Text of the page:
Over thirty years before Canada's neo-conservative Harper administration realized just how profitable and crisis-proof prison expansion is thanks to Omnibus Crime Bill C-10 or the "Safe Streets and Communities Act", California had already cannibalized its young through gutting K-12 public school funding (1978); implemented the Street Terrorism Enforcement and Protection Act which labelled youth of colour "street terrorists" (1988); excluded mostly Mexican and Central American immigrants from education and social services via Proposition 187 (1994); increased life sentences via Proposition 184 ("three strikes" [1994]); implemented anti-affirmative action policy within public sector education and employment with Proposition 209 (1996) and locked up more, mostly racialized youth, in adult prisons with Proposition 21 (2000). And the "hits" just kept on coming as they always do in a time of crisis.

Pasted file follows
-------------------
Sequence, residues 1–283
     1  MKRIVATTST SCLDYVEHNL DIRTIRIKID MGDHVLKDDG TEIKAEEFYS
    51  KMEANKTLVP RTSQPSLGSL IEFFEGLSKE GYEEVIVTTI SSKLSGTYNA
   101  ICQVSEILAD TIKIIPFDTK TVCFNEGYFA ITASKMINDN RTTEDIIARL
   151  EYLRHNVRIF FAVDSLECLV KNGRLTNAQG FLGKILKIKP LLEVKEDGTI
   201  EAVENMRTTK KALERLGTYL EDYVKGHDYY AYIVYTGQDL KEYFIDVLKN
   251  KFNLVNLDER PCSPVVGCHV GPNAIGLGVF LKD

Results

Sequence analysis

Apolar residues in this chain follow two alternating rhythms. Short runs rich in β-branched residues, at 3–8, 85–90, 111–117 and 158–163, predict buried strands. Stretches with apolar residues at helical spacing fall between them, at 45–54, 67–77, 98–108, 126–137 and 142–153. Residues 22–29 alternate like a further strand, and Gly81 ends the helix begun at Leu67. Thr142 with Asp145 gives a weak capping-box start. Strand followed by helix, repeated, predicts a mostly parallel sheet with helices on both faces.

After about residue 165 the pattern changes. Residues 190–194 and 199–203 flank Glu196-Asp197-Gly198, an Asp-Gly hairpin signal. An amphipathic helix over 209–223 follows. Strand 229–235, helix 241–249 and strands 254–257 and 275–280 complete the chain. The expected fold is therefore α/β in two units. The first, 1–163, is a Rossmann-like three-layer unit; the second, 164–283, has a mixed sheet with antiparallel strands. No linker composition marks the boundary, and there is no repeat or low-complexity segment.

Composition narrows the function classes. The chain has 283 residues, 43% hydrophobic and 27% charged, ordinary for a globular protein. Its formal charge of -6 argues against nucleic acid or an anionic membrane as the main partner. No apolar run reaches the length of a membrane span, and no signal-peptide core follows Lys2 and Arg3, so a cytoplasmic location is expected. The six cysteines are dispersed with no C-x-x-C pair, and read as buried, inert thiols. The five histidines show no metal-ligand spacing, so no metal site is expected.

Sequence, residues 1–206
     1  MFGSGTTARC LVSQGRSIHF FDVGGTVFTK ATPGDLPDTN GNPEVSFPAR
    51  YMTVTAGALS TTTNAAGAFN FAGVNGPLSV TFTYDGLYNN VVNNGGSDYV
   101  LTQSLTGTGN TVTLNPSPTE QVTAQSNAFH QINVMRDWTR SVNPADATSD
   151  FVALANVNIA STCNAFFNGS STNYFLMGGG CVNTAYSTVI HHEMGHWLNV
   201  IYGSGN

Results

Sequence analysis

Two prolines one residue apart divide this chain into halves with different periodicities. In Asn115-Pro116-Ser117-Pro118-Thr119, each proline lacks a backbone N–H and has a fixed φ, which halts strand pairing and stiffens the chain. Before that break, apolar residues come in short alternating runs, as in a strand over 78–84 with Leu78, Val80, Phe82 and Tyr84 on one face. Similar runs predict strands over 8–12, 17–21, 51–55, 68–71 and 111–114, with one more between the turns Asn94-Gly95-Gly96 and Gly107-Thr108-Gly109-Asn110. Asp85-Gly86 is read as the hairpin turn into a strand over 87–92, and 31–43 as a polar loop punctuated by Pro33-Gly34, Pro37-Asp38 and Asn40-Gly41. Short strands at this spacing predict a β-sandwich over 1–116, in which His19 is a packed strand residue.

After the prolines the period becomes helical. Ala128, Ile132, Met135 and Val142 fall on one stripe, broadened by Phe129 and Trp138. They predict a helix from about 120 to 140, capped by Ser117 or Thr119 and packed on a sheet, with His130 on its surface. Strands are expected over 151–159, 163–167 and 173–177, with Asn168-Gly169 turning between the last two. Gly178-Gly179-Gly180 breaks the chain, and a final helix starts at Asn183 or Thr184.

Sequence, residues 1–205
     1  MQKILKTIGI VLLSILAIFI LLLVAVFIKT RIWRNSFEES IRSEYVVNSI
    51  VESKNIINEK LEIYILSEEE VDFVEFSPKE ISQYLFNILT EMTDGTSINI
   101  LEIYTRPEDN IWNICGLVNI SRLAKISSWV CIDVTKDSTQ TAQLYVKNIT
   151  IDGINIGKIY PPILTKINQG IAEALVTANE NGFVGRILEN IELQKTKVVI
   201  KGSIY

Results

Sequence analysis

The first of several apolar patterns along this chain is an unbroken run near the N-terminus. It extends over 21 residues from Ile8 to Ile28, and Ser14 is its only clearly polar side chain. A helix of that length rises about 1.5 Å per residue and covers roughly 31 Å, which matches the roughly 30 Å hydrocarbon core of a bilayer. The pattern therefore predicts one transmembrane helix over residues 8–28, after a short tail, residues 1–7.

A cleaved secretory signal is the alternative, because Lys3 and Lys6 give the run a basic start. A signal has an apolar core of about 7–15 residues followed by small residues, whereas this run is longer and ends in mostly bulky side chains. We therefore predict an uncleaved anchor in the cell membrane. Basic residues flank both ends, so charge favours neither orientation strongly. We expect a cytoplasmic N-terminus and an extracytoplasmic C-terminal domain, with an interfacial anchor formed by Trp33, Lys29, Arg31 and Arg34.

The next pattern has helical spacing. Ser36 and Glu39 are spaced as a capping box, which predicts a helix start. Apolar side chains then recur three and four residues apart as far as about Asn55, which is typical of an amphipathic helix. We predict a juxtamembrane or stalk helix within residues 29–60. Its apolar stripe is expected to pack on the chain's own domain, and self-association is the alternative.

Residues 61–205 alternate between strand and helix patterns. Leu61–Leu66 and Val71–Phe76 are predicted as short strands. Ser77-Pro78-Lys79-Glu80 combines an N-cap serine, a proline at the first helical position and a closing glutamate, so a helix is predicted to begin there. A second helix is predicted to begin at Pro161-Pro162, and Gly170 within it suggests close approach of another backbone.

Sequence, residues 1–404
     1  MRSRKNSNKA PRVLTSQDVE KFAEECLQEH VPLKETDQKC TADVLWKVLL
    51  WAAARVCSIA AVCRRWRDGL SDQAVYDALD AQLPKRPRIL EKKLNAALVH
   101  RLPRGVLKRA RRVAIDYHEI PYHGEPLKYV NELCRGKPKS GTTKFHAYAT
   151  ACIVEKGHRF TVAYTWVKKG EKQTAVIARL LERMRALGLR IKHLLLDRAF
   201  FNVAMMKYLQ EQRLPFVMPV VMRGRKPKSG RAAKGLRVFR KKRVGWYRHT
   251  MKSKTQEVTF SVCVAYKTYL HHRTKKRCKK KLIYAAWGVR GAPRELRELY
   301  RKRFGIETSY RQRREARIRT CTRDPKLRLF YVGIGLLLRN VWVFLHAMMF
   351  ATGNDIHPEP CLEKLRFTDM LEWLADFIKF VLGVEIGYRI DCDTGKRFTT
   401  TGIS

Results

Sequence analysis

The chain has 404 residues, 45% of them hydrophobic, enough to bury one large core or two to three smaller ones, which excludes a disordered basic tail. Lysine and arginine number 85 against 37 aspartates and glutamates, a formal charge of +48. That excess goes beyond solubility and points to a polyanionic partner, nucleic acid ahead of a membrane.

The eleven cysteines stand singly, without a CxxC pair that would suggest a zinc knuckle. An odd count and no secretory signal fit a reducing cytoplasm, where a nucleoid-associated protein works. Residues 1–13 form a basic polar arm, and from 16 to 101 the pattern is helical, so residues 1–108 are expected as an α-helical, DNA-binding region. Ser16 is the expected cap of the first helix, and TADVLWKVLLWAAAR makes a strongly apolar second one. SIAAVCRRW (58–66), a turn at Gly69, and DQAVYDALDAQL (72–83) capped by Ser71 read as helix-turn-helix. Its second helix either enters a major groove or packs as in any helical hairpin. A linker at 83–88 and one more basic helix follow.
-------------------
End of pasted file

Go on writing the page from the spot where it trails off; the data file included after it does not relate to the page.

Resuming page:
By the time I graduated high school to become the first in my family to access postsecondary education, I had benefited from involvement in student, immigrant, labour, and anti-prison activism. I had organized against a 134 per cent tuition hike targeting the University of California system, and against the elimination of affirmative action, equity initiatives, ethnic studies curriculum and other programs that are linked to peoples' justice movements. I didn't need higher education to see the writing on the wall: there is a strong correlation between increased rates of incarceration of poor youth of colour and the inability of our communities to access affordable education and the promise of a living wage.